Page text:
Browsing named entities in The Photographic History of The Civil War: in ten volumes, Thousands of Scenes Photographed 1861-65, with Text by many Special Authorities, Volume 8: Soldier Life and Secret Service. (ed. Francis Trevelyan Miller). You can also browse the collection for Richmond or search for Richmond in all documents.

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me night, July 16, 1861. Every outpost commander was immediately notified to fall back to the positions designated for this contingency, and Johnston in the Valley, who had likewise been informed by careful scouting parties that Patterson was making no move upon him, was able to exercise the option permitted by the Richmond authorities in favor of a swift march to Beauregard's assistance. Thus opportunely informed, the Confederate leader prepared for battle without orders or advice from Richmond. The whole of these momentous Confederate activities were carried out through the services of couriers, spies, and scouts. In the opening of the war, at least, the Confederate spy and scout system was far better developed than was the Federal. As the war went on, each commanding general relied upon his own spies and the scouts of his cavalry leader. Colonel J. Stoddard Johnston was a nephew of Albert Sidney Johnston and served on General Bragg's staff from Stone's River to Chattanooga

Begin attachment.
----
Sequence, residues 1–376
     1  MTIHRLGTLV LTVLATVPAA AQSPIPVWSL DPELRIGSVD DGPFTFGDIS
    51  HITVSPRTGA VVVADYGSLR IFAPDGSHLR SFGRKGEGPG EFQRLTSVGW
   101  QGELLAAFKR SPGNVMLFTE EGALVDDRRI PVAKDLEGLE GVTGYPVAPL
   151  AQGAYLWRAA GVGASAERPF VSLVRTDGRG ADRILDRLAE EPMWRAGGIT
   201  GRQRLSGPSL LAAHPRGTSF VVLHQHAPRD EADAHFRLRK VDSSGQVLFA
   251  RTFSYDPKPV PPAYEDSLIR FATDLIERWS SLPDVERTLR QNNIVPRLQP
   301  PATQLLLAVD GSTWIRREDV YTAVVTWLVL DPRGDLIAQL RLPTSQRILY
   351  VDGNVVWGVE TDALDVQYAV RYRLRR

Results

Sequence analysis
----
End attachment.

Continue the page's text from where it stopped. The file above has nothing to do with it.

cending only after two successive shots at them, they became accustomed in time to sharpshooting, but the shriek of shell was more nerve-racking. On one occasion several shots whistled harmlessly by, and then came a violent shock which nearly dislodged platform, men, and instruments. A solid shot, partly spent, striking fairly, had buried itself in the tree half-way between the platform and the ground. When Petersburg fell, field flag-work began again, and the first Union messages from Richmond were sent from the roof of the Confederate Capitol. In the field the final order of importance flagged by the corps was as follows: Farmville, April 7, 1865. General Meade: Order Fifth Corps to follow the Twenty-fourth at 6 A. M. up the Lynchburg road. Signal Corps. In this Camp all signal parties were trained before taking the field. In the center is the signal tower, from which messages could be sent to all stations in Virginia not more than twenty miles distant. The farthest ca